Home Thinking Aloud Here’s Hoping For A “The Social Network” Effect

Here’s Hoping For A “The Social Network” Effect

The Social Network
(Left to right) Andrew Garfield, Joseph Mazzello, Jesse Eisenberg and Patrick Maple - playing Eduardo Severin, Dustin Moskovitz, Mark Zuckerberg and Chris Hughes, respectively - in "The Social Network."

Come October 28, Columbia Pictures’ The Social Network – released in the United States on October 1 – will play across cinemas in Singapore. Based upon the book “The Accidental Billionaires: The Founding of Facebook” by Ben Mezrich, the movie explores the story of the creation of the world’s largest social networking site Facebook and its principal founder (and the world’s youngest billionaire), Mark Zuckerberg.

I first had a glimpse of the history of Zuckerberg and Facebook when I read Sarah Lacy‘s “Once You’re Lucky, Twice You’re Good: The Rebirth of Silicon Valley and the Rise of Web 2.o“. Zuckerberg’s meteoric rise as the new Internet rajah is nothing short of amazing, but I’m pretty sure writer Aaron Sorkin and director David Fincher – who helmed movies such as “Seven“, “Fight Club” and “The Curious Case Of Benjamin Button” – took some creative liberties in the telling of the story in this movie. We’ll probably never know how much of it is truth and how much is conjecture, but one thing is for sure – the movie is already changing how people view the social networking site.

The Social Network is not a movie for everybody – my wife, who came along with me for the movie sneak preview, thought she wasted two hours of her life watching the life of ‘an annoying one-dimensional jerk with zero EQ’. “There are plenty of such people around in real life,” she declared. Anybody – especially of the social media stripe – who thinks of watching the movie to learn about the evolution of the Internet and the explosive rise of social media in recent times will also likely go away disappointed.

What the movie does have in boatloads, however, are great lessons for current and aspiring entrepreneurs (and you can read 13 of these lessons here). The movie sears into you especially the importance of finding the right partners in a startup founding team, and highlights some of the many challenges and threats that a growing startup will face. If you’re not of the entrepreneurial sort, there are even interesting  marketing lessons you can derive from it.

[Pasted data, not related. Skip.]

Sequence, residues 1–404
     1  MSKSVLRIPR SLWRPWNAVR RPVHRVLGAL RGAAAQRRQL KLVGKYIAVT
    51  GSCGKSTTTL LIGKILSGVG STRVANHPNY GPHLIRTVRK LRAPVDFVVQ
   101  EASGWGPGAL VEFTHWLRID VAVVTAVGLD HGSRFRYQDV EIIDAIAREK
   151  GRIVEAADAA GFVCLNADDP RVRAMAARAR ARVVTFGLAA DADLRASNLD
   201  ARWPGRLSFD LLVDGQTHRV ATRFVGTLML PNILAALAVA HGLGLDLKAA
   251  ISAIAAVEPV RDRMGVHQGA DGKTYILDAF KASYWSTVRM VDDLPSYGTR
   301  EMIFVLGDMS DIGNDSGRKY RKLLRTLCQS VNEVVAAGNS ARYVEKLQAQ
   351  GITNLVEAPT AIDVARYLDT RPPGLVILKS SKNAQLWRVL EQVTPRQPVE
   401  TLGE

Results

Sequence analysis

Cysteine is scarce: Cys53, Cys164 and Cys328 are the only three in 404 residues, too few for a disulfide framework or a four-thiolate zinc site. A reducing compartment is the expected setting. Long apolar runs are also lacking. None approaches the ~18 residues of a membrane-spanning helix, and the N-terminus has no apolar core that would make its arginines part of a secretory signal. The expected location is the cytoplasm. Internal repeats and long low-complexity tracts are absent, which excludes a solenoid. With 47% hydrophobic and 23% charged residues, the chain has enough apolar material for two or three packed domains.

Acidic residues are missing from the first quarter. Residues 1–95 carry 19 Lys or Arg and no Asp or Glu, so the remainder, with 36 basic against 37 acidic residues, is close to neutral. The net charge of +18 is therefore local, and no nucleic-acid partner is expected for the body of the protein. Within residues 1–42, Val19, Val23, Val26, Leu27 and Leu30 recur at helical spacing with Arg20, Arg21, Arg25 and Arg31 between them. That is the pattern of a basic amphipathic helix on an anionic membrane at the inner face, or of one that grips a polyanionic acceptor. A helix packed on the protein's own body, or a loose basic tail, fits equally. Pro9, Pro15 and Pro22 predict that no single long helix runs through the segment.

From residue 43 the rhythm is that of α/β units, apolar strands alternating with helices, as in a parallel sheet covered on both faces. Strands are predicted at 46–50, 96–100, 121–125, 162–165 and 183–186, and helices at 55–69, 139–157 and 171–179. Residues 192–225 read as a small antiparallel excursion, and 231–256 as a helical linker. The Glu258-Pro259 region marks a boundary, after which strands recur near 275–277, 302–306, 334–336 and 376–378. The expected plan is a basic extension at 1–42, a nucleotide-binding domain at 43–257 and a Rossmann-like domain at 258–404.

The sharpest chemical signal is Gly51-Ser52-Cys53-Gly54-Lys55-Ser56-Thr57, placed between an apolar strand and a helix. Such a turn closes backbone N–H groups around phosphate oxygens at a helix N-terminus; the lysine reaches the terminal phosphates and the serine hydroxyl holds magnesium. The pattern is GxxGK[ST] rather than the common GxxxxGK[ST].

What I want to know is this – after the movie is over, when the is popcorn eaten and the credits roll – will The Social Network spur an entire new generation of bright-eyed wannabe entrepreneurs who want to go out and do something to change the world for the better? As I stepped out after the movie ended, I ran into blogger and founder of social media agency GOODSTUPH Pat Law. The first thing she said to me – “Doesn’t this make you feel so poor?”

Yes it does, Pat. And I’m hoping that makes everybody who watches this feel the same way as well.

And then maybe we’d get off our asses and do something about it.

A big thank-you to Sony Pictures Singapore for the invitation to the sneak movie preview.

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  1. I totally agree with you on ‘this movie isn’t for everyone’. My wife thought it was nothing fantastic, whereas I felt the way the narrative was brilliantly held together, with witty dialogues and on-cue music, changed a possibly-mundane film (it’s not even a typical/classic rag-to-riches tale!) to one that is insightful, stimulating and entertaining. I guess here’s the pay dirt to reading about Zuckerberg, other startup entrepreneurs and the VC agenda the past years, it certainly helped to ‘lubricate’ the absorption of the story.

    I can’t stress enough to those who are going to watch it when it opens: ‘It’s not a movie about Facebook!’.


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